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Sixteenth Amendment Convention. The National Woman Suffrage Association will hold its Tenth Annual Washington Convention at Lincoln Hall, 9th and D Sts. Washington, DC
[Washington, DC], 1877. 1st Edition. Pamphlet. Near Fine. Signed in print by suffrage leaders Clemence S. Lozier, Susan B. Anthony, Isabella Beecher Hooker, and Sarah Andrews Spencer. Near Fine handbill, 1 page with original center fold line with slight separation at edges; small chip to bottom left corner. Else an exceptionally clean and excellent copy of this rare document, which OCLC reports at only one institution, and no copy in the auction record. The Woman Suffrage Convention of 1878 was a landmark in women's pursuit of enfranchisement. Marking 30 years since the Seneca Falls Convention and 10 years since the inaugural Woman Suffrage Convention, the meeting of 1878 resulted in the first Congressional bill to amend the Constitution to allow women's voting. Released in advance of this critical meeting, this handbill called upon women to speak and act on their own behalf, explaining that it was "of vital importance that delegates should be present at this Convention from every state and territory, and that each one should call upon her entire state delegation in Congress and urge them to attend the Convention and hear the discussion of the greatest political question of the age." Noting that Congress had reported favorably on a proposed bill to enfranchise Native Americans, the NWSA urge their members to act so that women may not be left behind but rather be included in pushes toward civic inclusion. "Everywhere in the US the dram-seller, the drunkard, the profligate help to make the laws which control the property, the wages, the persons, and the children of the intelligent women of this Republic." Notably, Congress did not approve the proposed bill, and the 16th Amendment would go on to solidify laws on federal income tax. It would not be until 1920, after 42 years of bringing the bill to Congress, that the NWSA would achieve the 19th Amendment granting federal woman suffrage. A testament to American women's determination, and to the power of citizens who "assemble under the shadow of the National Capitol and demand [change] in the sacred name of Liberty." Near Fine.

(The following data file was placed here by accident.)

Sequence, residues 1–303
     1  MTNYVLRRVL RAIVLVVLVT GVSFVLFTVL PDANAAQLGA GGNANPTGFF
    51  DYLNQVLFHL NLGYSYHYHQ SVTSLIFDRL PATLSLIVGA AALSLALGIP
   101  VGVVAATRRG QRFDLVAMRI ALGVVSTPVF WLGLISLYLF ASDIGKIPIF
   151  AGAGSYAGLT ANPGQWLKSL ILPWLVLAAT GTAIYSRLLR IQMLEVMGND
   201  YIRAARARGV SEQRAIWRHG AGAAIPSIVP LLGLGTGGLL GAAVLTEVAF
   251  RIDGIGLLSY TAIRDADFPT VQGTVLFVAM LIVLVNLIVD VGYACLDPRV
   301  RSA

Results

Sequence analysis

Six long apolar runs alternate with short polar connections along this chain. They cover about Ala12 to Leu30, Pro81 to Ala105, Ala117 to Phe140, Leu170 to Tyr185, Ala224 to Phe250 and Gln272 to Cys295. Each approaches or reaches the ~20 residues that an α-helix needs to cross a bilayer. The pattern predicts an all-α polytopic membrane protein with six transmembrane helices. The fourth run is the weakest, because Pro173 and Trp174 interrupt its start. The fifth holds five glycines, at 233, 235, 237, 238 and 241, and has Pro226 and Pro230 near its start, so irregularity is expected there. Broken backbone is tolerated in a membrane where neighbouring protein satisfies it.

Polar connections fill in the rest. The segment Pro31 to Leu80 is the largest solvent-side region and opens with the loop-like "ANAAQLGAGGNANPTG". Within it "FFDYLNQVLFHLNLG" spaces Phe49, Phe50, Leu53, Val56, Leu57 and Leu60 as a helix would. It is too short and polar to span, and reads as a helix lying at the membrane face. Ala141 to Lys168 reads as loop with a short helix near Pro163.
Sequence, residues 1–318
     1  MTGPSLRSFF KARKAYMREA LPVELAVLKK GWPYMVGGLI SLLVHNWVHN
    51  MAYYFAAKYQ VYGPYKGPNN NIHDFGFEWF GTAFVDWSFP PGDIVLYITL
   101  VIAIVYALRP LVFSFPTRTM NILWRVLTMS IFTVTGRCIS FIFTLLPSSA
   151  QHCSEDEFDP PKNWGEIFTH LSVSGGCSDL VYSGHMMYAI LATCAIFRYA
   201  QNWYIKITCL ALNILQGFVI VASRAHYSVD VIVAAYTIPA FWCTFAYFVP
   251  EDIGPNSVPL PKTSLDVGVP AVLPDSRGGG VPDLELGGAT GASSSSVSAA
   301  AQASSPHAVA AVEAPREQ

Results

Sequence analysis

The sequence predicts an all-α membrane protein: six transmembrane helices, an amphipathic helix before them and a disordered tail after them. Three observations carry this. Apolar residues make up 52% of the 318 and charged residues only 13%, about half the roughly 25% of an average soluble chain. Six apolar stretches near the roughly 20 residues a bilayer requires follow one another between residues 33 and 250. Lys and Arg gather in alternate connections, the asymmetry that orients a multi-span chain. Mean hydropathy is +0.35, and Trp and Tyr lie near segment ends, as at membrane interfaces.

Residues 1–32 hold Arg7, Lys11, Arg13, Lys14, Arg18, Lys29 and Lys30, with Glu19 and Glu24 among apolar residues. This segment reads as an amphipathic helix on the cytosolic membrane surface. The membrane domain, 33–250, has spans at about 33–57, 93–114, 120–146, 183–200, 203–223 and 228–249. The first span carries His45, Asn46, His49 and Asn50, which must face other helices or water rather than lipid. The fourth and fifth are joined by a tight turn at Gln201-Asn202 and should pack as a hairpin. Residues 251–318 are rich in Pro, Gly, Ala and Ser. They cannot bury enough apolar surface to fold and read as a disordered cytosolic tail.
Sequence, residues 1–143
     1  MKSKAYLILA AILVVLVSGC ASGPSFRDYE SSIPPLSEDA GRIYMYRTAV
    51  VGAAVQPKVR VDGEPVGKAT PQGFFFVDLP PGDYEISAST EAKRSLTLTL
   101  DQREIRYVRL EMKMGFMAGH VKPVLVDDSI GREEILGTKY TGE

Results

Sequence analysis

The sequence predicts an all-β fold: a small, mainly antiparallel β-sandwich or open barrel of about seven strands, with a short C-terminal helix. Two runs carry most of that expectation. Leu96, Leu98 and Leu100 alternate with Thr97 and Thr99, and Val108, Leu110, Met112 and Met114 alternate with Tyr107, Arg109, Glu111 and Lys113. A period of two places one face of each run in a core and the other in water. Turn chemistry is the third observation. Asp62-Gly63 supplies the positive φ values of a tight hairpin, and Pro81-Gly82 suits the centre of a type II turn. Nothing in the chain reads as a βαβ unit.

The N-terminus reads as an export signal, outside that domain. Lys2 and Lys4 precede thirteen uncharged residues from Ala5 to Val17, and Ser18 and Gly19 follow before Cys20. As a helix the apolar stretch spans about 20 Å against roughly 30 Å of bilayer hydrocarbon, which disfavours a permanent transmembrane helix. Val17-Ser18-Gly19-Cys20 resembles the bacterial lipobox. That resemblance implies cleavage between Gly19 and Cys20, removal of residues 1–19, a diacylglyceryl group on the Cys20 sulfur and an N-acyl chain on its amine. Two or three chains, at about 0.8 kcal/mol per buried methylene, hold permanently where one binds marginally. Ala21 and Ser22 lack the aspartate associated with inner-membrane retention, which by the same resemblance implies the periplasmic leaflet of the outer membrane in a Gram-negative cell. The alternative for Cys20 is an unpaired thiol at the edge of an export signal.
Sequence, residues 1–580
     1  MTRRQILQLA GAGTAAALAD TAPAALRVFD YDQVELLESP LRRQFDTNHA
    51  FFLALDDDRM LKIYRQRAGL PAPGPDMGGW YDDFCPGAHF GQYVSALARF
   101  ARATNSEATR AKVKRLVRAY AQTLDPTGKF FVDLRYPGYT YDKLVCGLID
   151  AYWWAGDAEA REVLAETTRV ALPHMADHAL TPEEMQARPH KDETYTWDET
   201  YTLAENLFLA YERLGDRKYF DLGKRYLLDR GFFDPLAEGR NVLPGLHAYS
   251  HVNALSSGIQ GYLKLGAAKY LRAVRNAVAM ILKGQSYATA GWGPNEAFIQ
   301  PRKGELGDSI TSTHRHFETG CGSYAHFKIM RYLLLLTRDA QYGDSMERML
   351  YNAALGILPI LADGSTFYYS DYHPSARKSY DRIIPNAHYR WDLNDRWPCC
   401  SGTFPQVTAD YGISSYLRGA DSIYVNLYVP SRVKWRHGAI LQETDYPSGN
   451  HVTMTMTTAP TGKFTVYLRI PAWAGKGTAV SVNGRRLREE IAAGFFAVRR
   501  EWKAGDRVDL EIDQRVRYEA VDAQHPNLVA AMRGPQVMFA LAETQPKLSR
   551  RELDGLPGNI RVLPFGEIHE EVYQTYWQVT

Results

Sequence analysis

[Bookseller: Whitmore Rare Books]
Last Found On: 2018-02-26           Check availability:      Biblio    

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